DOT's proposal to extend the Columbus Avenue bike lane would look very similar to the existing lane. A total of 61 parking spaces would be eliminated for pedestrian refuges, turn lanes and mixing zones, resulting in a loss of 24 percent of the spots on the east side of Columbus Avenue. Peter Arndtsen of the Columbus/Amsterdam BID and Barbara Adler of the Columbus Avenue BID asked DOT to consider eliminating mixing zones entirely to preserve parking. Committee member Marc Glazer proposed an amendment to this effect, but it failed in a tie vote. Mixing zones are an essential component of the redesign, allowing cyclists to safely interact with left-turning motorists.

The morning after deadlock at CB 7's transportation committee, pedestrians and cyclists continued to benefit from the existing segment of complete streets on Columbus Avenue. Photo: Stephen Miller

The "enhanced shared lane" concept -- proposed for an area where a pedestrian was seriously injured just this morning -- was received skeptically by most of the board and audience. "If you wouldn't let your 10 year-old ride in it, it's not a bike lane," Randy Cohen said, and a couple of 10 year-olds testified that, in fact, they feel much safer in the protected bike lanes.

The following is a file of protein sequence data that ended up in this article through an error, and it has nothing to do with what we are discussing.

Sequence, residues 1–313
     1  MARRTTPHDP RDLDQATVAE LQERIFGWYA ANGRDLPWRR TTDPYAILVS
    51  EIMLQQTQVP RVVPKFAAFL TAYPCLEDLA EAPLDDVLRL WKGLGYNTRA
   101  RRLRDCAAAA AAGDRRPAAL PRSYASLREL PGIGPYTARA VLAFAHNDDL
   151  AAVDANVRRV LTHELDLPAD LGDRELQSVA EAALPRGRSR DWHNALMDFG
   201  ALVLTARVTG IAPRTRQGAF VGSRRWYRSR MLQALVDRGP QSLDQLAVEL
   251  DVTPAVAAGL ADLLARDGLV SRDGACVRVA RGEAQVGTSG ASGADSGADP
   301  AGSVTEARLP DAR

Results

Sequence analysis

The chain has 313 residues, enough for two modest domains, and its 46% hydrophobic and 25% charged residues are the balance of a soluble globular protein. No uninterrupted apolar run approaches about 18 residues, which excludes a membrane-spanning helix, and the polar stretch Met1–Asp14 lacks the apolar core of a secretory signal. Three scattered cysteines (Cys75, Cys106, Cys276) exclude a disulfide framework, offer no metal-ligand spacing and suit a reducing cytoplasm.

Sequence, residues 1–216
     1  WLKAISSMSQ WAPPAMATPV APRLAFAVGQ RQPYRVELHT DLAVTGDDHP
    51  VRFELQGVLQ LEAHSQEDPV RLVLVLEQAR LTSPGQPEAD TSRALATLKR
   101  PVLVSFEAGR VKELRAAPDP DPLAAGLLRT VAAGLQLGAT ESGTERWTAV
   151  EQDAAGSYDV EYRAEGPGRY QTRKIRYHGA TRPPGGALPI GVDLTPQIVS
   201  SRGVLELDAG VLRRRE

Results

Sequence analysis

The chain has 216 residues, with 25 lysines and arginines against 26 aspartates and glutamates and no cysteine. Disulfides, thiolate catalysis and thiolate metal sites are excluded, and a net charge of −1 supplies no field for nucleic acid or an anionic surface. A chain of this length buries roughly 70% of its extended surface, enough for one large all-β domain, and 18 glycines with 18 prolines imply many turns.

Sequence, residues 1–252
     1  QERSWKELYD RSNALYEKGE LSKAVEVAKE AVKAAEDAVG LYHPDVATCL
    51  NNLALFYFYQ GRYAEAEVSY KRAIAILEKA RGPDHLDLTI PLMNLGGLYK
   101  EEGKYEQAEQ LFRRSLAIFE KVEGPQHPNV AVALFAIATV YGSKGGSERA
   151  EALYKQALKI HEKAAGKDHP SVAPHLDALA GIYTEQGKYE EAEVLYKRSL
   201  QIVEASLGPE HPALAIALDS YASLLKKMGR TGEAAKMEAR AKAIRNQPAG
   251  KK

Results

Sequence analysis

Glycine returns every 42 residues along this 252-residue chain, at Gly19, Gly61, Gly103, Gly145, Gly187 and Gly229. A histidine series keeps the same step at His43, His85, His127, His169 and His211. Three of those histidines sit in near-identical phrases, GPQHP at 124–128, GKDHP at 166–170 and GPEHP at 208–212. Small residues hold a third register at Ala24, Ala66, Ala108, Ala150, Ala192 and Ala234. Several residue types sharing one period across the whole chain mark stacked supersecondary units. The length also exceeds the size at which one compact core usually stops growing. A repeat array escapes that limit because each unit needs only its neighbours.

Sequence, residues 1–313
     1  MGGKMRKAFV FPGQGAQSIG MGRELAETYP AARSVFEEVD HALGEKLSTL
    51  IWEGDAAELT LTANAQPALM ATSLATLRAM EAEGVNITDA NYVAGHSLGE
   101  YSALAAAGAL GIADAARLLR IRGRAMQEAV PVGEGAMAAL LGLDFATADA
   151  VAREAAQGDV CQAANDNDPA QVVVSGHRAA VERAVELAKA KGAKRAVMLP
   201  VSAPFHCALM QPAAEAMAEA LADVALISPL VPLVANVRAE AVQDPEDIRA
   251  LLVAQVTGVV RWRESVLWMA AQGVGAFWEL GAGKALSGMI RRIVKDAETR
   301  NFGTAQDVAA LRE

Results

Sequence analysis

South of the "enhanced shared lane" proposed between 69th and 65th Streets, construction for the city's third water tunnel (which is also affecting bike lanes on Ninth Avenue and Grand Street) is likely to extend into 2014. Once it is complete, DOT says it will discuss plans for a permanent connection to the Ninth Avenue protected bike lane, which begins at 59th Street. In the meantime, DOT is looking into working with the project's contractors to establish a temporary construction-zone protected bike lane, similar to what's been installed on Ninth Avenue in Hell's Kitchen.

DOT is contacting each retail business on the corridor to see how the plan can address their loading and parking needs. Most of the businesses contacted have been in the northern section of Columbus Avenue. Manhattan Borough Commissioner Margaret Forgione said that the agency could complete this outreach in a few weeks and share its results with the board.

Following last night's vote, the extension could be introduced at CB 7's next full board meeting on January 3, even without the committee's endorsement. While Diller, the board chair, said he wants the project to clear the committee first, Brewer expressed support for this option. "Somebody could bring it to the full board," she told Streetsblog, "and I hope they do that."

Borough President Scott Stringer, meanwhile, had this to say during his public testimony: "I wanted to thank the community board for taking so much time on this issue."